Wednesday, May 19, 2010

So Today, We Slog Through a Slog

Have you ever slogged or at the very least been in one? That’s not a misprint. I did not intend to say “blogged” or refer to a “blog,” such as what this place on the Internet is called. It wasn’t a typographical error. The “s” is second key from the left on the second row from the bottom while the “b” is fifth in from the left on the bottom row.

“Slog” is the right word. It came up twice this morning while I was doing that daily constitutional thing which includes reading cover-to-cover The News & Observer, the daily newspaper that so is well loved. Actually, for all the wrong and right reasons, I like the newspaper and am one of the few who today get my news, at least my early morning news, from the print edition of a broadsheet.

The reason I bring up “slog” is that as long as I’ve read The N&O, I do not remember seeing “slog” in print once, much less twice. But, as it turns out, a quick search of the archives accessible on the newspaper’s website,, the word shows up 109 times, 99 times in news stories and 10 times in blogs, not slogs, though there’s at least one “Slog” on the Internet. It’s a blog on the website “The Stranger” out of Seattle WA. Slog the Blog. Neat. But wait there’s more. There’s another, SLOG a second life resident blog. Read it at your own risk.

The N&O archive search offered articles dating back to April 2007 with the word used as a verb and a noun. For a complete list of the newspaper’s articles which include the word “slog” click this link: N&O Slog Articles List.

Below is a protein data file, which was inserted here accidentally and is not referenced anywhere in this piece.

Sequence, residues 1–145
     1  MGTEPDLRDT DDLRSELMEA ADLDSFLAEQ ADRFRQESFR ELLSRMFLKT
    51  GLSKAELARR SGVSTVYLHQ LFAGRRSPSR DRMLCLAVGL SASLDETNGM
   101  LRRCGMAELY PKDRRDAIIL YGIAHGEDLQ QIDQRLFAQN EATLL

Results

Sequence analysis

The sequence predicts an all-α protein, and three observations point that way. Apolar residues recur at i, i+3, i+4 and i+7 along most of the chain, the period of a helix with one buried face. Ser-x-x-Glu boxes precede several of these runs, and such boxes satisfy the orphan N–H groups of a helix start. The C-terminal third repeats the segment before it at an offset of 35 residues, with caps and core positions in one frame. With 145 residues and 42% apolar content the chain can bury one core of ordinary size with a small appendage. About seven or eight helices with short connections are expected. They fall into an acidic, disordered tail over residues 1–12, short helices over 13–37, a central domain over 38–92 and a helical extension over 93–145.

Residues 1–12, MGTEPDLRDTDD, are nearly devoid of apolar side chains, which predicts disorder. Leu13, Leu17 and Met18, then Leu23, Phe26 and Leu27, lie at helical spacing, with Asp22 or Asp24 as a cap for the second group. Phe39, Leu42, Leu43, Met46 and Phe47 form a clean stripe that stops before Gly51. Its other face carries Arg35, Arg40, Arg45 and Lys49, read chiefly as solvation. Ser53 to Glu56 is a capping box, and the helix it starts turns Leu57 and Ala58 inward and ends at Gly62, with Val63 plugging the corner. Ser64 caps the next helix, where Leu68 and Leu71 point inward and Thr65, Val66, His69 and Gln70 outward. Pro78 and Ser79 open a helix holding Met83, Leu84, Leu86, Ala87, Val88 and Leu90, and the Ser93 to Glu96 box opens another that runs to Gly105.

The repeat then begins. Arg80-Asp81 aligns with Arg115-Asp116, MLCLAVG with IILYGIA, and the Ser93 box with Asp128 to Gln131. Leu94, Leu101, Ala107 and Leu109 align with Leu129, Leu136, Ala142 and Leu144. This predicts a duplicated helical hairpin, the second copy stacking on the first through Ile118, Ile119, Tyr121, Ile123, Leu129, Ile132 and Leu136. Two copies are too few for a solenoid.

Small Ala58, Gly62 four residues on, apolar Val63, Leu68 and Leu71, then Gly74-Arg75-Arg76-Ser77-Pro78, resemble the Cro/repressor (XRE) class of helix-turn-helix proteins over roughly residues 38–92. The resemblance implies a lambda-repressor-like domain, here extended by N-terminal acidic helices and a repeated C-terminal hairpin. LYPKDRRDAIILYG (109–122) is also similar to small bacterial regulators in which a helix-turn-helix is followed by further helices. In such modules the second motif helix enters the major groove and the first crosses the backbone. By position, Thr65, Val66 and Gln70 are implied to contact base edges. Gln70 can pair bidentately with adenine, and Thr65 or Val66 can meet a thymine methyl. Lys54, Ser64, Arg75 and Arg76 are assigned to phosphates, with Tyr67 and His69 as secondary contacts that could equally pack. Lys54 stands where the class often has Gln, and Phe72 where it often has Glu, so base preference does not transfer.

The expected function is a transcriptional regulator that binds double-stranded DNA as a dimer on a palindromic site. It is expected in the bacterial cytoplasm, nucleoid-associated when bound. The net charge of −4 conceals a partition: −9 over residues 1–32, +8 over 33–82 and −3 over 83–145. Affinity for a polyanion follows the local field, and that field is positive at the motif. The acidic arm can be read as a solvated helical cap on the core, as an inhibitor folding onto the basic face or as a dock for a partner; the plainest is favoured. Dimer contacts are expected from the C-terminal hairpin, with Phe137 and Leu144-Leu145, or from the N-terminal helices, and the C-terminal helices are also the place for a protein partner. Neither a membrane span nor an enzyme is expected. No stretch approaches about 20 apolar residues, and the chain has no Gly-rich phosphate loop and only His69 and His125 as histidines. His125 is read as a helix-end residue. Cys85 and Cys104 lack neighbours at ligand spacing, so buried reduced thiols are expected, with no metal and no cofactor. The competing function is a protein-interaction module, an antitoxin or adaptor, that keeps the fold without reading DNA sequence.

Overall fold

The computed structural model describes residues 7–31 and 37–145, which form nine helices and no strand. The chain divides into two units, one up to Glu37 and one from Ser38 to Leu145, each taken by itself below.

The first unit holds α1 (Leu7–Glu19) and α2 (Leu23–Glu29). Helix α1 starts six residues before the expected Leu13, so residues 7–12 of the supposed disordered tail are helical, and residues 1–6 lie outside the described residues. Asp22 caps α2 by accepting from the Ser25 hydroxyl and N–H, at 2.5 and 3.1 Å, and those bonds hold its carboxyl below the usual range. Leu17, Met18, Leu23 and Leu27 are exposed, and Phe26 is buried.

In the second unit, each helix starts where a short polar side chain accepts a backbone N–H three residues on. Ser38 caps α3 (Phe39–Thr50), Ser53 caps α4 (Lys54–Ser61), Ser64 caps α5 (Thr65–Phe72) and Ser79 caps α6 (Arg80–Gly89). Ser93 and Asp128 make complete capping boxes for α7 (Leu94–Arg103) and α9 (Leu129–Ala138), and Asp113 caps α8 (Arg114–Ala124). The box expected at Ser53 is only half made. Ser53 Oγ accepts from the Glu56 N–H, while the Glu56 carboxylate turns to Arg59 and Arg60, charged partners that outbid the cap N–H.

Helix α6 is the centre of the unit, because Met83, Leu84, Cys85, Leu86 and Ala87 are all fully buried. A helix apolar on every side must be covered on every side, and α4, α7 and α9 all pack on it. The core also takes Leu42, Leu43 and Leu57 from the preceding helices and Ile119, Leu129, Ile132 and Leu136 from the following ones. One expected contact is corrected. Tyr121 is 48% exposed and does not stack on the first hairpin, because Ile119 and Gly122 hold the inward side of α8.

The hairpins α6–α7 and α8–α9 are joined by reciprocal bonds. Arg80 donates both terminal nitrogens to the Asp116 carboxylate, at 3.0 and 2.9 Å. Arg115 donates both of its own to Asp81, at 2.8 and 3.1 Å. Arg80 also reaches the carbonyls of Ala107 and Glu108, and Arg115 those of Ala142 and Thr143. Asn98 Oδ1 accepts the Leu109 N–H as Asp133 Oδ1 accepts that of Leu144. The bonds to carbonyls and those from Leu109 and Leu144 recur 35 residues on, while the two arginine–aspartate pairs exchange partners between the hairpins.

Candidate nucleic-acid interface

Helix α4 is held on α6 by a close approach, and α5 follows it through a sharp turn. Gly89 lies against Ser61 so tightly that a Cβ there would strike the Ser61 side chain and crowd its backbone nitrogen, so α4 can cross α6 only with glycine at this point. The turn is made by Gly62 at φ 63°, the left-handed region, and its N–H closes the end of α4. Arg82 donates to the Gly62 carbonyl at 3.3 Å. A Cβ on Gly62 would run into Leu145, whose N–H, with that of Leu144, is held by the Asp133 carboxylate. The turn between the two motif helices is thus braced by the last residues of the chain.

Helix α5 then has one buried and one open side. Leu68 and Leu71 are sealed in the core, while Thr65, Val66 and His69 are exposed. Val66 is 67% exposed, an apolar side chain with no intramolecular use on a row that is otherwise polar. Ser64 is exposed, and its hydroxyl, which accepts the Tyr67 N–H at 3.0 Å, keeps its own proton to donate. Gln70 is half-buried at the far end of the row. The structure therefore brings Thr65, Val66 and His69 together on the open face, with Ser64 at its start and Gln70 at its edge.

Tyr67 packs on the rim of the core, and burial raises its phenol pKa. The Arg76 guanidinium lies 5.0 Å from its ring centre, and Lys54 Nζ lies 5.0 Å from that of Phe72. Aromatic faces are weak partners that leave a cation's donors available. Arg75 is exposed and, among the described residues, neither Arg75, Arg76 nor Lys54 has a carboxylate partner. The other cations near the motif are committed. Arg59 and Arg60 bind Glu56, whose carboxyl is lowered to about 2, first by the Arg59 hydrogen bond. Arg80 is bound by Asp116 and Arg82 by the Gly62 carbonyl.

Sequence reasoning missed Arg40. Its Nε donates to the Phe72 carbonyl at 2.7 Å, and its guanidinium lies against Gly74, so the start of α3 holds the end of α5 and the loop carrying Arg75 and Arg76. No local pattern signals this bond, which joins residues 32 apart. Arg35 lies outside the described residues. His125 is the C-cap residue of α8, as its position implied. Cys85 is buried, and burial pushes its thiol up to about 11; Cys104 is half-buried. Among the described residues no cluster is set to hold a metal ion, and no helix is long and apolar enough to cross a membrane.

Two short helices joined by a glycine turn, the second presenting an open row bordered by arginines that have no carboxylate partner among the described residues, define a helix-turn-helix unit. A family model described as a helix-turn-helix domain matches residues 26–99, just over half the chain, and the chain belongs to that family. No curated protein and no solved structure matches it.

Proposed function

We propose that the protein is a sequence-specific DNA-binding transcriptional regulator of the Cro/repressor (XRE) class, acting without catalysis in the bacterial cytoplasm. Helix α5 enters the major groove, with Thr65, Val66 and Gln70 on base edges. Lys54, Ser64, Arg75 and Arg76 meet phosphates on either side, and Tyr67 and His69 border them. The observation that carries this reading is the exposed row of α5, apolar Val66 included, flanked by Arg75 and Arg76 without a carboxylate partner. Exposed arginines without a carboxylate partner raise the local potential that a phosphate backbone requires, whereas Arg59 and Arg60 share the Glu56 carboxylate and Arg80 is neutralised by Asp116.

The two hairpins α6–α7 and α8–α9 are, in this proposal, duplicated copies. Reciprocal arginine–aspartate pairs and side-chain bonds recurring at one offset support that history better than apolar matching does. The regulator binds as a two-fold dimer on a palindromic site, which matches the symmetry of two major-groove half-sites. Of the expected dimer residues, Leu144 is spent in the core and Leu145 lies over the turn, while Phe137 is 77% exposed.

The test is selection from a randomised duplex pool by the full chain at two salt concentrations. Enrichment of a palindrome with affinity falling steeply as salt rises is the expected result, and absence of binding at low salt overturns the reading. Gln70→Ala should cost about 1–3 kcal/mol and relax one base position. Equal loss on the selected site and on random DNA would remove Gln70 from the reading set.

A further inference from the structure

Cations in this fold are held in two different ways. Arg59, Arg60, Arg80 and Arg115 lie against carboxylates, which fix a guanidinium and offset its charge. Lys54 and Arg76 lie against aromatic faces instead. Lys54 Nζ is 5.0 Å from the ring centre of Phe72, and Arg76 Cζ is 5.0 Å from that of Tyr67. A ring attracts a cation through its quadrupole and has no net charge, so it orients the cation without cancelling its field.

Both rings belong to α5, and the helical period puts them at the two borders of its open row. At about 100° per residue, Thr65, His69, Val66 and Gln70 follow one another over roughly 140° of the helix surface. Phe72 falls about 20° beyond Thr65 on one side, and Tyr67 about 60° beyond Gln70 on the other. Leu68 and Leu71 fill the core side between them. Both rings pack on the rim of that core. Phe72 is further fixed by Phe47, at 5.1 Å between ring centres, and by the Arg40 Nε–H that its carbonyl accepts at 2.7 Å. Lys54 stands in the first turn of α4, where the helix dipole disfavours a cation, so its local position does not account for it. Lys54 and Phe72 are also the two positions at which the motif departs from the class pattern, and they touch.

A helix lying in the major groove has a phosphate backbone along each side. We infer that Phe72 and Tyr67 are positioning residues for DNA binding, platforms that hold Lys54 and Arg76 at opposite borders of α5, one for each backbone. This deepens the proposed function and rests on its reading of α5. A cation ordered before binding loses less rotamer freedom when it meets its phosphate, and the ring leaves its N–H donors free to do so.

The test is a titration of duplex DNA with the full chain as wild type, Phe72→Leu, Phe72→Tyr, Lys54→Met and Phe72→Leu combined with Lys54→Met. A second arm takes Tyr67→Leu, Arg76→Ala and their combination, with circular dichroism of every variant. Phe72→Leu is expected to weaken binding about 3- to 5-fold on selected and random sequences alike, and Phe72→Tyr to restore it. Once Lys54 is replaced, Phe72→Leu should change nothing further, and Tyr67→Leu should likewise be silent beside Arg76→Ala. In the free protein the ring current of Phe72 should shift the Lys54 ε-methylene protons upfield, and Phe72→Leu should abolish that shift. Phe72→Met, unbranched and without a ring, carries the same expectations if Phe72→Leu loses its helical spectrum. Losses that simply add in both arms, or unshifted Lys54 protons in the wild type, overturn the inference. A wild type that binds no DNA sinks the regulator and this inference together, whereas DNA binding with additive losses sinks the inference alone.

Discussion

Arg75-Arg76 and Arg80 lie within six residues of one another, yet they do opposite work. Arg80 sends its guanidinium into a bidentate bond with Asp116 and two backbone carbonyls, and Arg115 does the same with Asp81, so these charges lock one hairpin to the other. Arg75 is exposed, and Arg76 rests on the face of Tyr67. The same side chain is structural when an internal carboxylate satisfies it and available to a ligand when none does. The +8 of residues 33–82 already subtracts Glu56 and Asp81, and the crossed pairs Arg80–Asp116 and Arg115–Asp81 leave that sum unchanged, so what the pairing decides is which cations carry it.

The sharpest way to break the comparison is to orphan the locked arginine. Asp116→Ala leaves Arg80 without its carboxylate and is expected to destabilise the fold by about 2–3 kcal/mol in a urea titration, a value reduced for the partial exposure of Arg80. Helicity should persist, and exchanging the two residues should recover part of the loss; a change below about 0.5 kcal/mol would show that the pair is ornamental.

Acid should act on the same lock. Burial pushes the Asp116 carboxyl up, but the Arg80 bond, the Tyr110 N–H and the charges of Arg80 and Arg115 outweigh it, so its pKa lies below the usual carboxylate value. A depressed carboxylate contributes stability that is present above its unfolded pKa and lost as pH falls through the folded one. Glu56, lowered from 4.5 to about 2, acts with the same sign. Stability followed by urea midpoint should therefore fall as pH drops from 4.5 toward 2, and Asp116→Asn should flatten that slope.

But, the word is a bit older than that. According to Merriam-Webster, “slog” dates to 1888, about 100 years before the first “blog” which is a contraction for the two words “web log.” Say it fast, drop the “we” and voila! It’s “blog.” So, trek back to 1888. That was the year Benjamin Harrison defeated incumbent Grover Cleveland for the presidency of the United States. Remember? Anyway, my story goes that a couple of late 19th century geeks in charge of sanitation collection on the streets of New York were talking about the election and the trash generated by the election celebration. One said to the other, “I need to make a few notes, a log, about what we’re doing. This is a mess.” The rest, as they say, is history and the first “Mess Log” was born and was soon shortened to “Slog” because the clean-up was persistently slow. (I made that up.)

From Merriam-Webster, the definition for “slog,” the noun: hard persistent work such as the endless enervating slog of war; a prolonged arduous task or effort such as reform will be a hard political slog; or, a hard dogged march or journey. Then from The Free Dictionary: A tiring hike or walk; long exhausting work; a heavy blow or swipe. Synonyms: work, labour, toil, industry, grind, effort, struggle, pains, sweat, painstaking, exertion, donkey-work, trudge, tramp, trek, hike, traipse, yomp, and footslog (as in a slog through heather and bracken).

In today’s newspaper, the word “slog” shows up in the lead of two stories, one on the front page and the other on the third page of the second section. The first was in an article about the Wake County School Board’s end to the diversity policy and the effort to change how students are assigned to schools. The story, Diversity policy tossed; tough decisions loom, was written by T. Keung Hui and Thomas Goldsmith. It said: With the school board's vote Tuesday night to end its diversity policy, Wake County began a politically bruising slog to divide the county into community school zones.